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Russian forces have captured nearly all of Sievierodonetsk


Russia has captured nearly all of an eastern Ukrainian city.


The Russian army is making a destructive advance, even if it's slow. Last week, U.S. General Mark Milley told NPR that Russia has superior firepower, but they're facing resistance.


MARK MILLEY: They're gaining ground in very short increments, day to day - 500 meters, 1,000 meters, 2 kilometers. Then they get pushed back, and it's two steps forward, one step back.

FADEL: Now the gains are adding up, and nearly all of the Ukrainian city is under their control.

INSKEEP: NPR's Greg Myre is following this from Kyiv. Hey there, Greg.


INSKEEP: How much is left to the Ukrainians of Severodonetsk?

MYRE: Well, they really only have one part of the city. They're holding the Azot chemical plant, a big chemical plant in the city. About 500 or so civilians are also holed up with these remaining Ukrainian fighters. The Russians have been hammering this city relentlessly for weeks, slowly advancing. And now they've basically got the Ukrainians down to this plant. The region's governor says Russia is also pressing an offensive in surrounding regions. This is the center of the Donbas region and really the focus of the Russian operations.

INSKEEP: When you talk about a chemical plant as the place for the last stand, this is reminding me of the story of Mariupol, where something quite similar happened, right?

MYRE: Oh, absolutely - very similar in many ways, yes.

INSKEEP: So what would be the significance if Russia takes full control?

MYRE: Well, I think there's really a key takeaway for each side. For the Russians, it again shows that in these head-to-head battles, they have overwhelming firepower and can grind down the Ukrainian forces. So we should expect Russia to continue with this approach. Severodonetsk is on the east bank of a river. Right on the West Bank is another city, Lysychansk, that's already come under heavy shelling. So this is the most likely Russian target coming up, and it's part of this broader aim to take over all of the Donbas region in eastern Ukraine.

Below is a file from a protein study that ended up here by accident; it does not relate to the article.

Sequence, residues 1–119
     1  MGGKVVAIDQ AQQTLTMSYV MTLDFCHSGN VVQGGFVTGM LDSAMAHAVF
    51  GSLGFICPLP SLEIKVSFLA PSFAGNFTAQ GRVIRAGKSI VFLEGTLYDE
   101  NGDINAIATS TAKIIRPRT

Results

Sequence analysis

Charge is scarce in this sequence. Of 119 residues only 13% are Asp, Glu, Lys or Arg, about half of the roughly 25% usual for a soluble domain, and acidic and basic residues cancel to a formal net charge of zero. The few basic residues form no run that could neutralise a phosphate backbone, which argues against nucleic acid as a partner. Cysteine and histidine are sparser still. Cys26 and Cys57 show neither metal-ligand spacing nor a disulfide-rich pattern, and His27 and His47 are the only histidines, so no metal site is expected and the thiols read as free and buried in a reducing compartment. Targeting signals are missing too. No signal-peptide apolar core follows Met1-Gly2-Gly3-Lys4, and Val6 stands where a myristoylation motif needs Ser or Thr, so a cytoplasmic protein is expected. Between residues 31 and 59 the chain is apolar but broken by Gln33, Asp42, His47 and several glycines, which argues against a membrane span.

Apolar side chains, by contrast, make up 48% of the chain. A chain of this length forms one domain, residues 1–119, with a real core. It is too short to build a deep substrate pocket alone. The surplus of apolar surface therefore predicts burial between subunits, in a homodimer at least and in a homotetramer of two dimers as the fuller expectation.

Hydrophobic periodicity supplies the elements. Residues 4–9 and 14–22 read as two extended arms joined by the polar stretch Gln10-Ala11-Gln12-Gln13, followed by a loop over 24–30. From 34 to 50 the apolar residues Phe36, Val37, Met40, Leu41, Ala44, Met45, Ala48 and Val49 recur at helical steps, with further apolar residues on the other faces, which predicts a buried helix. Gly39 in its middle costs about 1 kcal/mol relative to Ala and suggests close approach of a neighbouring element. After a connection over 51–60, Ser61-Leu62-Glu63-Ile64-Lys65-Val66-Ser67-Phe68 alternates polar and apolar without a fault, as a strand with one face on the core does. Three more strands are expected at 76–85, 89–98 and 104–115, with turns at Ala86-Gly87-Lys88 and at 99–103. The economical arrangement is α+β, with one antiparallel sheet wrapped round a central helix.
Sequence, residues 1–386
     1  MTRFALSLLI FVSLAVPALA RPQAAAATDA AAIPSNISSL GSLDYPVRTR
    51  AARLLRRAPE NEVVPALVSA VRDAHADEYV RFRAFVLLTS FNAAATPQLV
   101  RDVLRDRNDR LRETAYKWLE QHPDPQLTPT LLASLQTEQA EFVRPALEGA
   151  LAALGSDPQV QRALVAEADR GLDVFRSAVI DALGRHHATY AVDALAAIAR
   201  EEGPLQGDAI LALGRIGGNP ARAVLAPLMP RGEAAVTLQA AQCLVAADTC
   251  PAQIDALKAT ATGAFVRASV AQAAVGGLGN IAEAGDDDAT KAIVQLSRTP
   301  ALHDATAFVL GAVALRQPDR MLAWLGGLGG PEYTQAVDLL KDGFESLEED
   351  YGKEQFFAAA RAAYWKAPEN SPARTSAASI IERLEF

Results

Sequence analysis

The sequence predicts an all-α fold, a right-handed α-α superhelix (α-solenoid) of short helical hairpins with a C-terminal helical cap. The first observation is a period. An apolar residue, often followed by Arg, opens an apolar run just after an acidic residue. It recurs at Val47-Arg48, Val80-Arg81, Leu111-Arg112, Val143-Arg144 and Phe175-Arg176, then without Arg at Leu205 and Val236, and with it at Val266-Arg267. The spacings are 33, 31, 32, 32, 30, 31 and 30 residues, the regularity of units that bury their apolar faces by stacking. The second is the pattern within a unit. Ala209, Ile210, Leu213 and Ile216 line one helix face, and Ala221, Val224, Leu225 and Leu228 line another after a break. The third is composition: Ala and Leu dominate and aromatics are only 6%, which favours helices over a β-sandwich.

INSKEEP: What does it mean for the Ukrainians that Russia is gaining but so slowly?

MYRE: Well, the Ukrainians are again showing that they play very tenacious defense. They've defended this relatively small city, which had about 100,000 residents, for almost two months against a very concentrated Russian force. Some military analysts wondered why Ukraine just doesn't retreat. But Ukraine's approach has been to defend as long and as hard as possible, make the Russians pay a very heavy price in men and weapons. Then the hope is that Russia will deplete itself while making these relatively limited gains. We're about four months into the war now, and this trend is very clear. Russia has made advances, but very slowly and at a very high cost.

INSKEEP: One other thing to ask you about - isn't the European Union getting close to offering Ukraine candidate status, getting them into the EU?

MYRE: Could happen this week. If they do get this offer at the end of the week, it will be the start of a very long process. Even in normal times, candidate countries have to jump through hoops for years before becoming EU members. Decision doesn't mean you're in. It means you've got a lot of things to do, but the signs are looking pretty good. Five separate European leaders visited Kyiv last week to stand side by side with President Zelenskyy. He's calling it a very historic week.

INSKEEP: NPR's Greg Myre, thanks so much.

MYRE: My pleasure. Transcript provided by NPR, Copyright NPR.

Steve Inskeep is a host of NPR's Morning Edition, as well as NPR's morning news podcast Up First.
Greg Myre is a national security correspondent with a focus on the intelligence community, a position that follows his many years as a foreign correspondent covering conflicts around the globe.